The Little Pied Cormorant is one of the most common of Australia's waterbirds, occurring on water bodies of almost any size.
The Little Pied Cormorant is entirely black above and white below. The face is dusky and, in adult birds, the white of the underside extends to above the eye. Immature birds resemble the adults except there is no white above the eye.
The Little Pied Cormorant is at home in either fresh or salt water. It is often seen in large flocks on open waterways and on the coast, especially where large numbers of fish are present. On inland streams and dams, however, it is often solitary. The Little Pied Cormorant mixes readily with the similarly sized Little Black Cormorant, P. sulcirostris.
The Little Pied Cormorant is found throughout Australia.
Feeding and diet
Little Pied Cormorants feed on a wide variety of aquatic animals, from insects to fish. On inland streams and dams they turn to their most favoured food: yabbies (freshwater crayfish). These are caught by deep underwater dives with both feet kicking outward in unison. Other crustaceans are also taken, with shrimps being a large part of their diet in winter months.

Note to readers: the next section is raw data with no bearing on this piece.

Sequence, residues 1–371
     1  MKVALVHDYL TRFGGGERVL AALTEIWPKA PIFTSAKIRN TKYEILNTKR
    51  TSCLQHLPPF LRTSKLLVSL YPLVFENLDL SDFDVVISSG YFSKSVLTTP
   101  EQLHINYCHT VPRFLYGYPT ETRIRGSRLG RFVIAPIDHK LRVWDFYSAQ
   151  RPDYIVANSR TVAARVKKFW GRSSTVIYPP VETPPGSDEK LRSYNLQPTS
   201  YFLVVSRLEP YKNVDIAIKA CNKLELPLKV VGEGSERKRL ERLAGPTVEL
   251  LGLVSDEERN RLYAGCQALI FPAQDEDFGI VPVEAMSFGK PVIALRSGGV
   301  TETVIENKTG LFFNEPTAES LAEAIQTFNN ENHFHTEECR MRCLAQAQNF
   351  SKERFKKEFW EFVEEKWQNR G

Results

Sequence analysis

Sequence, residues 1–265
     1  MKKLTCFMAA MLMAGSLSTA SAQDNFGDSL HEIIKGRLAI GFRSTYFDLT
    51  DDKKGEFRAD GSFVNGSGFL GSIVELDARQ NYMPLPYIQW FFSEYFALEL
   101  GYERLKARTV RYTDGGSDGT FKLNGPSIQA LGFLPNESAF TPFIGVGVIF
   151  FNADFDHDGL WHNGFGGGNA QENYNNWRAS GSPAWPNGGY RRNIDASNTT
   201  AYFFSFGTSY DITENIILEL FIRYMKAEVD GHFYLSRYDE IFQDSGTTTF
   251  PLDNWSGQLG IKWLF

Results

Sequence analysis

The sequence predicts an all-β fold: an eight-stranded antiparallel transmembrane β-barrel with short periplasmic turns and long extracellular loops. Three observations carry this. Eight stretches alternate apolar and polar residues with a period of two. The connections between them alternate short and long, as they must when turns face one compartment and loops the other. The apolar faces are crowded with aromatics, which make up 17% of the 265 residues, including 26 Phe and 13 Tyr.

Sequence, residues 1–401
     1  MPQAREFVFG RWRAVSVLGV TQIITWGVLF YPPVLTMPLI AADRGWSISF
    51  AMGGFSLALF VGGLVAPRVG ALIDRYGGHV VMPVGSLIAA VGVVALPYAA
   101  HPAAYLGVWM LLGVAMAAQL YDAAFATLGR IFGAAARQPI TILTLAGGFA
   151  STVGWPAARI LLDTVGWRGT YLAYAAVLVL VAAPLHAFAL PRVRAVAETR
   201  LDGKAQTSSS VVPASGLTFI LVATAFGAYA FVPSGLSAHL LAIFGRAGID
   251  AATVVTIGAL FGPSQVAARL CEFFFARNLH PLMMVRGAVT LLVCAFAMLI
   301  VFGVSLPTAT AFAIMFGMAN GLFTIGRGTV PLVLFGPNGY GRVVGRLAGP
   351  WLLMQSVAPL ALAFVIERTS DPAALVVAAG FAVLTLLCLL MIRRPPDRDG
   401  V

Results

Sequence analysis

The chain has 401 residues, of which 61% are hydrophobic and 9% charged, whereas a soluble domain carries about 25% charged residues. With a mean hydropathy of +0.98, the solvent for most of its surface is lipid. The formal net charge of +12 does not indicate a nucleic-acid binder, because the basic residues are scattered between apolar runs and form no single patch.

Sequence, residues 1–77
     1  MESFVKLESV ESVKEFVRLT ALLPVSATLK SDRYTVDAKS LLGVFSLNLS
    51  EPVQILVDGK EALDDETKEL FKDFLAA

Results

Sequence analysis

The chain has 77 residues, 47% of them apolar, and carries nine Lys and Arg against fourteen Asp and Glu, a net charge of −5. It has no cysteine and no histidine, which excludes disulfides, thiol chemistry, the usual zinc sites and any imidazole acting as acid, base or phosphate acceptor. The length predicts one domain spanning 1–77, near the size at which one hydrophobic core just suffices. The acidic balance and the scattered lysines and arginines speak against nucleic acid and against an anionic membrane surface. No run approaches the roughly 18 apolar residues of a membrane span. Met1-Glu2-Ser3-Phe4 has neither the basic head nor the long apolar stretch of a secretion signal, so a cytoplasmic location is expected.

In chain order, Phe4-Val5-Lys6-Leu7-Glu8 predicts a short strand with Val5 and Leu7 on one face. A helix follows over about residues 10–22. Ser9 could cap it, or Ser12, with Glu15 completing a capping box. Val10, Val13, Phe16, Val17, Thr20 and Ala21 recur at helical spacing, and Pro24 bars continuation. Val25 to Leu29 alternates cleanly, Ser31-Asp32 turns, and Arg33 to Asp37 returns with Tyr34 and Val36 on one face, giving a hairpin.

Little Pied Cormorants breed either in colonies or, less commonly, in single pairs. The nest is a flat platform of sticks, lined with green leaves and is usually placed in a tree. Both adults share in egg incubation and care of the young.
- Clutch size: 3 to 4
- Lindsey, T.R. 1986. The Seabirds of Australia. Angus and Robertson, and the National Photographic Index of Australian Wildlife Sydney.